The Federal Reserve is the central bank of our government. But it’s role in our economy is much more wide reaching. The influence of the Federal Reserve creates the lending landscape we see today and shapes the backbone of our banking industry and open market economy.
The buck stops at the Federal Reserve
The Federal Reserve sets the nation’s monetary policies, monitors and regulates other U.S. banks, and works to maintain a stable economy. You can thank the Fed for reliable banks, stable currency, and low interest rates.
The Fed was created by the Federal Reserve Act of 1913. Its purpose was to unify and stabilize the currency of the United States and to maintain a healthy economy. Prior to its inception, bank failures were commonplace and economic instability was a major problem. When one bank failed, it could cause a chain reaction leading to economic depressions and major unemployment.
How does the Fed work?
The Federal Reserve is comprised of two parts. The central Board of Governors manages the country’s monetary policies, while the 12 Regional Reserve Banks supervise and regulate financial institutions and carries out the policies set by the Board of Governors. The decentralized structure gives the regions the flexibility to respond to scenarios on a localized level.
The two primary objectives of the Federal Reserve are to control inflation and to minimize unemployment. The conscientious management of these two factors encourages a healthy and stable economy.
How does the Fed manage the economy?
The Fed uses three main mechanisms to influence the Federal Funds Rate, which is the rate that banks use to borrow from one another. The Federal Funds Rate has the most direct impact on commercial lending prime rates, and therefore, on the economy. Let’s look at the three tools:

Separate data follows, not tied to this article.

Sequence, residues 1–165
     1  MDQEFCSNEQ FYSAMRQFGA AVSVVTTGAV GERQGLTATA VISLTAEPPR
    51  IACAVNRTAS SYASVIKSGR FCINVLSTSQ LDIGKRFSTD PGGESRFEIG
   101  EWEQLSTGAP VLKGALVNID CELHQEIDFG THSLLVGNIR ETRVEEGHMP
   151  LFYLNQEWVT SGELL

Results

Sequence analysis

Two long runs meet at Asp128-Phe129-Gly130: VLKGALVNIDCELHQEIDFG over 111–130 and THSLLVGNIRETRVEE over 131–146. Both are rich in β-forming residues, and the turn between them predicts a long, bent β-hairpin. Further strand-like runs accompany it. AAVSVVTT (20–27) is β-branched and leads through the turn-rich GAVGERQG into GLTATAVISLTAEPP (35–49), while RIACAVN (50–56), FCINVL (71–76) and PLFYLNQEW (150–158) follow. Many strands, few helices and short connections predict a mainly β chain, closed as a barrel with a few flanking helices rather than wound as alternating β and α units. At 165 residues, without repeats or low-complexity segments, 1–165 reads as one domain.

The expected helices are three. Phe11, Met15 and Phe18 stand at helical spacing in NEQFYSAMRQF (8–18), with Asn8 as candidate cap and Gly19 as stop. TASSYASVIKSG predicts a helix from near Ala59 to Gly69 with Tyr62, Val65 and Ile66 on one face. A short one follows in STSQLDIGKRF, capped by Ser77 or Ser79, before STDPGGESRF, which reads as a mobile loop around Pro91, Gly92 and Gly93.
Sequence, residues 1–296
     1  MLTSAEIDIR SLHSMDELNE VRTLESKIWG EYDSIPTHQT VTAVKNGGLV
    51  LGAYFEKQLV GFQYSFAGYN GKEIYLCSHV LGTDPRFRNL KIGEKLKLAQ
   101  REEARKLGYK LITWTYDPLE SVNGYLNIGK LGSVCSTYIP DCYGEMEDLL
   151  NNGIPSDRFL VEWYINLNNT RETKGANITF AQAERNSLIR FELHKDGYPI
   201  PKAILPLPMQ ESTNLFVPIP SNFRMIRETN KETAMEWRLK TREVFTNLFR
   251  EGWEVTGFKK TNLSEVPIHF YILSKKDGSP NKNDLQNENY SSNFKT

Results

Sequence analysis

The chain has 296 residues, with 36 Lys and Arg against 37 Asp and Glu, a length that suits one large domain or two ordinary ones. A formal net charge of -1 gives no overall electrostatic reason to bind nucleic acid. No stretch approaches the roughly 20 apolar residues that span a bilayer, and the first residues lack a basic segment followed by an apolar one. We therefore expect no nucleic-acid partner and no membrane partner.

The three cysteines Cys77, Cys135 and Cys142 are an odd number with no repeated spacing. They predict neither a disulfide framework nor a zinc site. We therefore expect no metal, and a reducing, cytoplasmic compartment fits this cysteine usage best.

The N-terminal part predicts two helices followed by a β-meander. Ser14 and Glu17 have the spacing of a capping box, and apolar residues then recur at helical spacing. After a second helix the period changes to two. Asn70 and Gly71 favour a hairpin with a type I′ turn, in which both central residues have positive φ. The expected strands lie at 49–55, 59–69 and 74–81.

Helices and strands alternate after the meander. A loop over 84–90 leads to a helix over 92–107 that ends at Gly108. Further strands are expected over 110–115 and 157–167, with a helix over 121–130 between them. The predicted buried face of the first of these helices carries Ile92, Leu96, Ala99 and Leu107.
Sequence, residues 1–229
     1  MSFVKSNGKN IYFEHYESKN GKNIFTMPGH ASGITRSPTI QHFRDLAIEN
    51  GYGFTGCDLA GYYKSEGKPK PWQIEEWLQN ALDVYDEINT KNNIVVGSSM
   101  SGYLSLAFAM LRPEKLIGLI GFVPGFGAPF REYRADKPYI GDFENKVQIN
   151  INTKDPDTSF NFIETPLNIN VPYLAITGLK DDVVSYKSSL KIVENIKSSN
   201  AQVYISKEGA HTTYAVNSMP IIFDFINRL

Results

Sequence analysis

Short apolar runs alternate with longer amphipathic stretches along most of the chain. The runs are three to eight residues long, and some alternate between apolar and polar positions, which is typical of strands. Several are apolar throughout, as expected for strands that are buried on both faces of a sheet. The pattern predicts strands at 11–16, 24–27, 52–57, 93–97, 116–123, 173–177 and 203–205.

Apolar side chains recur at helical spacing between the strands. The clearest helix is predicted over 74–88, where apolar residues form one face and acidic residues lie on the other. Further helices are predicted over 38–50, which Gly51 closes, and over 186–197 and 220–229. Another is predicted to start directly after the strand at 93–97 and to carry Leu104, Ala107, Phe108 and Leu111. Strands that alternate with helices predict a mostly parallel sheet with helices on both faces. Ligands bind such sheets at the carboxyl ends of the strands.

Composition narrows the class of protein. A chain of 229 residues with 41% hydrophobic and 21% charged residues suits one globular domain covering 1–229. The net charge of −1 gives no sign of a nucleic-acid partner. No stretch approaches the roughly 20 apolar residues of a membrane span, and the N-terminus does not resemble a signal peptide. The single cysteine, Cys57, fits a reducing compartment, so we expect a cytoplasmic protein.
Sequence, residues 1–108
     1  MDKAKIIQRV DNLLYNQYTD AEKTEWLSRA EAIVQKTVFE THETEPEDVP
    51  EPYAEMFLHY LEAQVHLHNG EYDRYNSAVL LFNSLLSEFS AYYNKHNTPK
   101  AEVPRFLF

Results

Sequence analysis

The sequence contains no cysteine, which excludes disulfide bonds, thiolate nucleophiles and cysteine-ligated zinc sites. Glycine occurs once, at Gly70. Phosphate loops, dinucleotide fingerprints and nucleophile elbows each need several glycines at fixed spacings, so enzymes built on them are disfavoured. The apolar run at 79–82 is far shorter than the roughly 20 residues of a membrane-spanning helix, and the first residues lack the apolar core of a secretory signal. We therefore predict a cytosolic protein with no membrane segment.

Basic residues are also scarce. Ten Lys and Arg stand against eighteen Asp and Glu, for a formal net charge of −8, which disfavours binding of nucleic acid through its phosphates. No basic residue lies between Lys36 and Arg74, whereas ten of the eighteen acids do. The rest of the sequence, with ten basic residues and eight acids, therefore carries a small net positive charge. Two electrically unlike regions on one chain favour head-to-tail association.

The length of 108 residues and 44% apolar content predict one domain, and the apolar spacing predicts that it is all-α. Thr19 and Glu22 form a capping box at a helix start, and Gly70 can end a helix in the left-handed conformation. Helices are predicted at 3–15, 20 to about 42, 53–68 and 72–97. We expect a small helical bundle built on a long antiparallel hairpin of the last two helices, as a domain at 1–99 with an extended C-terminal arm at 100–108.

- Open Market Operations (OMC): By buying and selling securities, the Federal Open Market Committee (FOMC) controls the nation’s monetary policy. When the Fed wants to lower interest rates, it can buy more securities from the banks, thus injecting more money into the banks and increasing the availability of loans. With higher supply, interest rates decrease, and vice versa.
- Reserve Requirement: When banks close at the end of the day they are required to have a certain amount in reserve to cover their potential liabilities (withdrawals). Reserves can be held as cash in the vault, or as deposits at Reserve Banks. The Fed’s Board of Governors determines how much these institutions are required to hold in reserve. When a bank closes for the night, if it does not meet the reserve requirements it can either borrow money from other banks or directly from the Federal Reserve Bank. By changing the reserve requirement, the Fed can influence how much money banks need to borrow overnight.
- Discount Rate: To cover their reserve requirements, banks can either borrow from one another or directly from the Fed. When banks borrow directly from the Federal Reserve, they are charged the Discount Rate, which is determined by the Fed’s Board of Governors.
Supervises financial institutions
Consumers must trust their bank to appropriately manage their deposits. A healthy economy relies on consumers’ faith in the financial institutions. In addition to its economic management, the Federal Reserve is responsible for making sure that our nation’s banks are safe and respectable places to manage your money. Through supervision and regulation, the Fed ensures that consumers have confidence in our financial institutions.